When driving with our dog, usually an image of them with their head out the window, their tongues and ears flapping in the breeze, but this is the most dangerous place for your dog. As any parent of a human child knows, the safest place for smaller riders is in the back seat.
A dog with their head out a window is at risk of falling out of the vehicle, being struck by debris, getting an ear or lung infection, but the biggest threat comes from the car’s airbag. Since they’re designed for full grown adults, not children and canines, a blow from one of these can cause serious injury or even death to a dog.
Here’s ten other tips to remember when we’re riding with our best friend:
#1 – Stopping in The Summer: Beware of black asphalt and sidewalks in the searing summer heat. They can easily burn a dog’s sensitive paws, so “pause” and feel the surface with your bare hand before you let Fido out of the car.
#2 – Bring Water: Always bring water along for the ride, even on short distances. Be sure to watch for signs of dehydration in your pet
#3 – Consider a Crate: An enclosure for your pet is also the safest way for them to travel. Many people don’t realize that flying objects in a car can cause injury or death in the event of an accident.
#4 – Buckle Up: If you don’t want to use a crate, then be sure to buckle up your pet by attaching their harness to seat belt or other device. If you are unfortunate enough to be involved in an accident, an unrestrained animal can escape through a broken window putting them in danger.
#5 – Don’t Leave Them Alone: We all know the dangers of keeping a dog in a car that’s either too hot or too cold, but your precious pooch could also be stolen.
#6 – Plan Ahead: If you’re going on a long journey, check your route for some pet-friendly destinations to stop along the way. And not just dog parks, a growing number of hotels and restaurants allow dogs.
#7 – Keep Them Busy: Bring along some of their favorite toys and treats. Just like children, bored animals can be very distracting when you’re trying to drive.
#8 – Stop Regularly: Just like the driver and other passengers, especially on long journeys, you’ll want to stop, get out and stretch your legs. You dog might want to relieve themselves, and they obviously can’t say, “I have to go to the bathroom.”
#9 – Keep An Eye On Them: While most dogs who are traveling safely either in a crate or buckled up in the back seat, usually they’ll just go to sleep. But keep an eye on them for signs they could be getting restless or car sick and pull over if necessary.
#10 – Start Out Slow: Before you take your dog on a cross country trip or other extended holiday, start off with shorter trips and work your way up to several hours with them in the car. They’ll be less stressed and also less likely to become car sick.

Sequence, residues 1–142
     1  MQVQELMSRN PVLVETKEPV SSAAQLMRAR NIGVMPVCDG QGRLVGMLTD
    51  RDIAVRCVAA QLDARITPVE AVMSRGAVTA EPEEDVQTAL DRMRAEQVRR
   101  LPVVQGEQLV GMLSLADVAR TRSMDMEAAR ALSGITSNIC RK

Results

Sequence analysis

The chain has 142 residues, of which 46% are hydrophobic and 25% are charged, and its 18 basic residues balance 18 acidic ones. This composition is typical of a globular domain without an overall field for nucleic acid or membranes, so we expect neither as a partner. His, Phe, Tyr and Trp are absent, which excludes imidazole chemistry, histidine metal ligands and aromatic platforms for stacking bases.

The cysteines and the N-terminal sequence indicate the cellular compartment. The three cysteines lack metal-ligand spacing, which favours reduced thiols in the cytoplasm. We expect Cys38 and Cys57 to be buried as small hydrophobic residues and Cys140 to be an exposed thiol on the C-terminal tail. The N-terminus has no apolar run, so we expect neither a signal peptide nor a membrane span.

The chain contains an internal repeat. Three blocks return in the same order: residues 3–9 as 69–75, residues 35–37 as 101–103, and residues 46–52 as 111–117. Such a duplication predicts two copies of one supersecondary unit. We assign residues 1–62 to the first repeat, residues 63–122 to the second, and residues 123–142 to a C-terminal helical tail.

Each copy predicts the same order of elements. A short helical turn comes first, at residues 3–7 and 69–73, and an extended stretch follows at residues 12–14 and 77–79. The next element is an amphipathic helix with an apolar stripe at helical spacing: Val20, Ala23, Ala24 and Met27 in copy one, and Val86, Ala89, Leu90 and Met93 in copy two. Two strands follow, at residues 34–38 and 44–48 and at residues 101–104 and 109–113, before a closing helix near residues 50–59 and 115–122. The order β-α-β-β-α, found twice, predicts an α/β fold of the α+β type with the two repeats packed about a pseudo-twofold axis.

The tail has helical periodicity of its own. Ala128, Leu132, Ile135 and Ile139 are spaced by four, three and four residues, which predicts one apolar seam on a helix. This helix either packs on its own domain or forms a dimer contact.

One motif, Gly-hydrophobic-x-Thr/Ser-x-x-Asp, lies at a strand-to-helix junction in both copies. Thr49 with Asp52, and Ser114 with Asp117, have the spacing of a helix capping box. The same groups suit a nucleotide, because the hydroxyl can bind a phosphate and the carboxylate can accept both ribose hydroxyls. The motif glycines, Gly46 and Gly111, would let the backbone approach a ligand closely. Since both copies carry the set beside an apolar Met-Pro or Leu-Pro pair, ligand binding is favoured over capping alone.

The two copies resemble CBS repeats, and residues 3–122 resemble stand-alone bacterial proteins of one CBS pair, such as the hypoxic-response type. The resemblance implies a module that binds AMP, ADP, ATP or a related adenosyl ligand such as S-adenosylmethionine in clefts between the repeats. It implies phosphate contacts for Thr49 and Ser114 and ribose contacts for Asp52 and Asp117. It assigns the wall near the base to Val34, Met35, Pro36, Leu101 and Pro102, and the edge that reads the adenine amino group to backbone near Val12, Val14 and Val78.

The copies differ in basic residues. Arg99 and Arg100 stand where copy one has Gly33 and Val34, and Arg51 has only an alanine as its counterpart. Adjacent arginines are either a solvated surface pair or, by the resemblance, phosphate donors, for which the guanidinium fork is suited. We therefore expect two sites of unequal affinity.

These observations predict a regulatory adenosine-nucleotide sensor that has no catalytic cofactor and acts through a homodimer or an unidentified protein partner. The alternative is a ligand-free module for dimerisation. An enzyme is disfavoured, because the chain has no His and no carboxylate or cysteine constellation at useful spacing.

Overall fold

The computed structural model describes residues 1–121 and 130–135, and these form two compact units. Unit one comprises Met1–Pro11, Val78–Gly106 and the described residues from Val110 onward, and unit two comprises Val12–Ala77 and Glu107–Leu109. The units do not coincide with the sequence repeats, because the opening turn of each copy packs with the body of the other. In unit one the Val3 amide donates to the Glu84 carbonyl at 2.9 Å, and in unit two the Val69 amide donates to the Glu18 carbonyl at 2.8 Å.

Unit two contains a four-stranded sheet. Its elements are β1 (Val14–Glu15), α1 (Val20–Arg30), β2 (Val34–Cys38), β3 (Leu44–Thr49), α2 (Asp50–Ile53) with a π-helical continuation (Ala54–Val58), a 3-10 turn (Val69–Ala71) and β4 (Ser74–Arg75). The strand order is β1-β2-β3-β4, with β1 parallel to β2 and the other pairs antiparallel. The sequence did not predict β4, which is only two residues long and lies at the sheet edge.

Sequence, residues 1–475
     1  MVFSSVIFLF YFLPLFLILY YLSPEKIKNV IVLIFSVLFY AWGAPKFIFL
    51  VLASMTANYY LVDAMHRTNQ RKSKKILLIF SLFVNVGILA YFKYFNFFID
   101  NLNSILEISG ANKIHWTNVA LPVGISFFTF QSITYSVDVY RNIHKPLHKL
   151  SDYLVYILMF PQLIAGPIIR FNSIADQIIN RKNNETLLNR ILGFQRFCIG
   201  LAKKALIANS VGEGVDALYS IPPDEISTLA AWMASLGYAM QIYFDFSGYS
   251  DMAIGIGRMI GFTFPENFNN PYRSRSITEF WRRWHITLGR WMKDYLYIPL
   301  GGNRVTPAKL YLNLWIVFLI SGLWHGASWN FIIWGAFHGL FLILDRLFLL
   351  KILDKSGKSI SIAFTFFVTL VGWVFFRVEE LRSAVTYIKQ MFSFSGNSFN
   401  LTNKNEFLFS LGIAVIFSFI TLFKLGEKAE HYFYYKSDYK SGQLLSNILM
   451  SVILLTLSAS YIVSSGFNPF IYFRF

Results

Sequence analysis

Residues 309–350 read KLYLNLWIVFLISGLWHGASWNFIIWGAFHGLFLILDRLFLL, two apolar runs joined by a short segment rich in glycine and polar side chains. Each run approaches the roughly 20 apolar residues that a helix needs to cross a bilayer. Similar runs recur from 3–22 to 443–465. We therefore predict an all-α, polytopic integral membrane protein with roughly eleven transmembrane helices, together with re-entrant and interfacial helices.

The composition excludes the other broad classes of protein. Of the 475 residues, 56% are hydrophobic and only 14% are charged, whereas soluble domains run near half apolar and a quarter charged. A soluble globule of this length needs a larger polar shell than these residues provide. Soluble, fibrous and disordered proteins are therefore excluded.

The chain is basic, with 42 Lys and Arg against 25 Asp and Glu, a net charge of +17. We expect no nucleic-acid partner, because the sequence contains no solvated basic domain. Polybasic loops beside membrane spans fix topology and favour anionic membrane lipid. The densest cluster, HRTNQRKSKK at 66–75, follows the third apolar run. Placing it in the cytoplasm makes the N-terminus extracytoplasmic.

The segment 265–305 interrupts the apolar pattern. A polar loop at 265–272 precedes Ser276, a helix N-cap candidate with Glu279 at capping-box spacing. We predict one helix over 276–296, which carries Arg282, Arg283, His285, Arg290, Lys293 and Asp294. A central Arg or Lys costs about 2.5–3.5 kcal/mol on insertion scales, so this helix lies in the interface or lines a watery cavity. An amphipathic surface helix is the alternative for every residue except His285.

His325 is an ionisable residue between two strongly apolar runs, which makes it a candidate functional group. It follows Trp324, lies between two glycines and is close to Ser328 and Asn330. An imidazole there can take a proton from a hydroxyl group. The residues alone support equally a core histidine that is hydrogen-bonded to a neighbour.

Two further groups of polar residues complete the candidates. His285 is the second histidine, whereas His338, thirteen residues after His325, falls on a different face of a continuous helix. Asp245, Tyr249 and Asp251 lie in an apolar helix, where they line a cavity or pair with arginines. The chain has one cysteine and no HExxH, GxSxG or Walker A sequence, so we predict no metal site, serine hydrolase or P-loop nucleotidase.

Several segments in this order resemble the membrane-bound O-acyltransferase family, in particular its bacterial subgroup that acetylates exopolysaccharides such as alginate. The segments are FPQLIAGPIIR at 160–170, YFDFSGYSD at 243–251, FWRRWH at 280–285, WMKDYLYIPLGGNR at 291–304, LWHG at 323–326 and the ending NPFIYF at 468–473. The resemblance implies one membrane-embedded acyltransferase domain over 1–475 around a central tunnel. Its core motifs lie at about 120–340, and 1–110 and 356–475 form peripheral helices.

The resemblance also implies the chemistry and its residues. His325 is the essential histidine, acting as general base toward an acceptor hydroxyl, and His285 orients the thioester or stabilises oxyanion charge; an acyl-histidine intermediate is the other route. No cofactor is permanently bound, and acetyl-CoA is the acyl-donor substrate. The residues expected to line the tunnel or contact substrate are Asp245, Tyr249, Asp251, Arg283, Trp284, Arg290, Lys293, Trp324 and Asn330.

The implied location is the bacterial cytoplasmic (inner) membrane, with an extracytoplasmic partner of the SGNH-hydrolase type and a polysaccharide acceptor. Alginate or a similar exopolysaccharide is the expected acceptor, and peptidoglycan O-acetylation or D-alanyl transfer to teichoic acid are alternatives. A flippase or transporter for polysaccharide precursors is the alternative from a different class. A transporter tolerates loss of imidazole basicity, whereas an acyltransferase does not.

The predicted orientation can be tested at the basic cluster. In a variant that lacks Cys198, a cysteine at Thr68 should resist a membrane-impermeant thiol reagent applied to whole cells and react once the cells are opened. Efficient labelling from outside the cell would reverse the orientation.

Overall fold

We don’t have to leave our pets at home when we go on road trips or vacations, but we do need to keep them safe. With just a little bit of extra planning and these tips, you and your best friend can have the time of your life on the road.
By: Derek Petersen
It’s that time of year that a lot of people will be traveling to see friends and family. If you’re like me, you take your furry friends on the road with you. Athena (my Siberian Husky) and Boston (my Chocolate Lab) always get so excited when they know it’s time for a ride in the car. Their eyes widen, ears perk up, and their tails start to wag. Little do they know that it’s not for a short trip, but were heading on an 8-hour drive to see the family. I find that waiting until the last minute to say “want to go for a ride,” works in my favor. Little do they know that I’ve been prepping them for this ride the last couple of days.
There are tips on traveling safe with your pet while in the car, but there are variables that you need to think about before putting your pet in the car for a long road trip. Taking these steps to prepare your dog for a long road trip is imperative to their health and wellbeing during your road trip this year.
Here are some easy steps to follow to ensure your dog has a great road trip:
Feed your dog early. Your pet’s travel-feeding schedule should start with a light meal three to four hours prior to departure. It’s important to feed your dog a few hours early to help prevent motion sickness.
Prepare your vehicle for your pet. It’s recommended that you crate your dog for long road trips. If you don’t normally crate your dog, it may be time to rethink that decision. Crating your dog will create less of a distraction while you drive (especially while driving by yourself) which is safer for the both of you. Also, a crate helps to prevent your dog from becoming a projectile if you have to stop urgently, reducing the chance of injury for both of you. A best practice is to exercise your dog before putting them into the crate. A dog that has exercised is more likely to relax in the crate, while dogs who haven’t exercised will have built up anxiety and may not be willing to accept the crate.